/ Electronic shifting

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Indy - on 07 Oct 2012
Was in Evans yesterday doing some more research on my new commuting bike and while waiting to be served I heard a salesperson 'raving' about an own brand bike that had electronic shifters (di2?) but was under 2k.

I've seen people on here talking about it but the costs are astronomical with just the groupset costing more than twice my budget for the whole bike.

SO, can I ask.... does electronic shifting add anything or is it just companies desperately trying to get one over each other or just the need to provide something new to spend money on?

I've never found changing gear that challenging to be honest. Also I have to wonder about maintenance and repairs while on the road.
Radioactiveman - on 07 Oct 2012
Indy - on 07 Oct 2012
In reply to Radioactiveman:
Thanks.... I'm not really after one myself (too worried about a dead battery) more the benefits of such a system.
Radioactiveman - on 07 Oct 2012
In reply to Indy:

No cable drag,having to adjust cable tensions,sticky cables. Cleaner looking frames,more options for frame builders due to smaller holes reqd for cable routing.

Batteries last for a long time.(1-2000 miles depending on gear shifts and can be charged 500 times) They are self adjusting also so no annoying trimming the front mech

Completely effortless shifting. (i would agree it is exactly hardwork on cable operated but it will be noticeably easier)

Disadvantages - cost,heavier than equivalent groupset,a wire could easily get damaged in a crash unlike a sturdy cable outer,

Not got them but they are the things I have read and thought of myself
Shearwater - on 07 Oct 2012
I can see several benefits when used with a hub gear, but I'm struggling to think of any benefits with derailleur gears above those you'd get with a nice manual mechanism.
Timmd on 07 Oct 2012
In reply to Indy:Manual systems are greener.
andy - on 07 Oct 2012
In reply to Indy: I've got it on my summer bike and for a mechanical incompetent it's great. I've always found adjusting rear derailleurs in particular a dark art, so the ease of adjustment (when it needs it) is, for me, brilliant. Front shifts are spot on every time, which until you have it you don't appreciate.

It's absolutely not necessary, but if you shop around you can get it for not a lot more than the equivalent cable groupset. Over time you'll save a few quid by not having to replace cables each year but in general it is more expensive and a bit heavier.

The battery won't go flat unless you're daft - you get a warning when it's getting below 25% (which is still good for a couple of long days), then the front stops shifting so you can ride with just the rear gears for another 100 miles or so.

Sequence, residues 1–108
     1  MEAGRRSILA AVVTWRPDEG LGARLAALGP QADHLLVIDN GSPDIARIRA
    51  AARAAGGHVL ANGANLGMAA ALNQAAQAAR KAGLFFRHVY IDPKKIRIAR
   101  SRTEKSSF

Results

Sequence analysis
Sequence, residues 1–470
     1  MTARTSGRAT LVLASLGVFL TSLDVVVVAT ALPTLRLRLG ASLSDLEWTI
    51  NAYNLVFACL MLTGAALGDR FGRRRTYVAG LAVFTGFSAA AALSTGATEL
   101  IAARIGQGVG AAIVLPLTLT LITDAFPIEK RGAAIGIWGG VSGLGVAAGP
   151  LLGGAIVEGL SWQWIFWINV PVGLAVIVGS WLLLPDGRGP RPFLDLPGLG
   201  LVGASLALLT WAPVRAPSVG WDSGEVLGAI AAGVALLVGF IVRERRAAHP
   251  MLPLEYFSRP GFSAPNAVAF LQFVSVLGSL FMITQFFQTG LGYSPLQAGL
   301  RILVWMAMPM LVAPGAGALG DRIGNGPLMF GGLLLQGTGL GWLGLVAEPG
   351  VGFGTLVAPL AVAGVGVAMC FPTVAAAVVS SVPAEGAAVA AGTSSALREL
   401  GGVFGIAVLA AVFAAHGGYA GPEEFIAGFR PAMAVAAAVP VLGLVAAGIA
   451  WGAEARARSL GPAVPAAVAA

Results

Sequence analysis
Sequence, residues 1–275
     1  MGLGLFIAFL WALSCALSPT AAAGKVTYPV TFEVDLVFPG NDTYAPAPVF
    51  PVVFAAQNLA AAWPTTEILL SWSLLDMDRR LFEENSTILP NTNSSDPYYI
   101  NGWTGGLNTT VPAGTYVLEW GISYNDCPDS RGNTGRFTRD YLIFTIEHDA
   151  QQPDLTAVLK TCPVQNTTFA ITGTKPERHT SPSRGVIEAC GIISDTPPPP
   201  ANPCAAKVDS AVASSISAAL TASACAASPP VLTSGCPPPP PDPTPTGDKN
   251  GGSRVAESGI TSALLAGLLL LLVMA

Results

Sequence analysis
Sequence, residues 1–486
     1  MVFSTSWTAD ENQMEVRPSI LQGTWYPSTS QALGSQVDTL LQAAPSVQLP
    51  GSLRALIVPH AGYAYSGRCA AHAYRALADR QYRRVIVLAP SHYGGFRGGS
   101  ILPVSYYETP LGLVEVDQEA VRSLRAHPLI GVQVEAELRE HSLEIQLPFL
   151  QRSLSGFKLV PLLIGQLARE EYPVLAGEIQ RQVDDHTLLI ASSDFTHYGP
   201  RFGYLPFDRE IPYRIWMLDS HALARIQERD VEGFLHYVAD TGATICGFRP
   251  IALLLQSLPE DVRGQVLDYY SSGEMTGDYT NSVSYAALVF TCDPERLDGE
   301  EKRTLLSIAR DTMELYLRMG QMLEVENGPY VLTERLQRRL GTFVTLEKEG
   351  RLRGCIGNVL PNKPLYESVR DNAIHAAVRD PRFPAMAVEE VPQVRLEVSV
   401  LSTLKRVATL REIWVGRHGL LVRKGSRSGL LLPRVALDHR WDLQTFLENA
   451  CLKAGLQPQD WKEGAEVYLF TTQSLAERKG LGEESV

Maintenance "on the road" is easier than with a mechanical groupset - you can adjust the rear mech in 0.5mm increments as you're riding if you want. The rear mech has crash protection built in so it won't get smashed if you drop your bike on the drive side, but unless you have friction shifting anything that could happen to Di2 to make it a rescue job could happen to a normal set up - in most cases you'll be able to get home.

I'm seriously thinking about it on my next winter bike, as the lack of maintenance actually makes it even more appropriate for a winter bike - but I suspect my Mrs might have something to say about that...
dissonance - on 07 Oct 2012
In reply to Indy:

> I've seen people on here talking about it but the costs are astronomical with just the groupset costing more than twice my budget for the whole bike.

the mechanical variants of the same groupset wouldnt be that much cheaper though.
It does seem increasingly viable as an option although still some way to go to being generally affordable.
Advantage seems to be, particularly for the front, faster and smoother shifting. Of course it would depend on the cyclist on how much that really matters, for a pro on the every little bit helps it might but for, say me, getting more miles in would be far better.
John Rushby - on 07 Oct 2012
In reply to Indy:

Having carefully adjusted my kit, I still spent a few frantic minutes fighting with my front shifter as it constantly mis-shifted.


Still, I got to meet Sean Kelly and Malcolm Elliot.

One of the girls I was pegalling with has Di2 on her Felt - she loves it.
Timmd on 07 Oct 2012
In reply to andy:

> I'm seriously thinking about it on my next winter bike, as the lack of maintenance actually makes it even more appropriate for a winter bike - but I suspect my Mrs might have something to say about that...

Friction is good for cummuting and winter bikes too, you just need to lube the cables when shifting becomes stiff enough to be annoying, at least that's how long I leave it. (:-))
Aly - on 07 Oct 2012
In reply to Indy: I'm sure they're a nicer shifting experience but I must admit I can't really see much benefit for the standard road bike. Where I think electronic shifting could make a big difference is allowing multiple shifting options for TT bikes and possibly also satellite shifters or sprinters buttons for racing.
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andy - on 07 Oct 2012
In reply to Aly:
> (In reply to Indy) I'm sure they're a nicer shifting experience but I must admit I can't really see much benefit for the standard road bike.

There isn't really any benefit other than a nicer shifting experience and no graunchy changes. definitely a "nice to have". I wouldn't have it had I not changed my bike earlier this year, but I'm glad I have.


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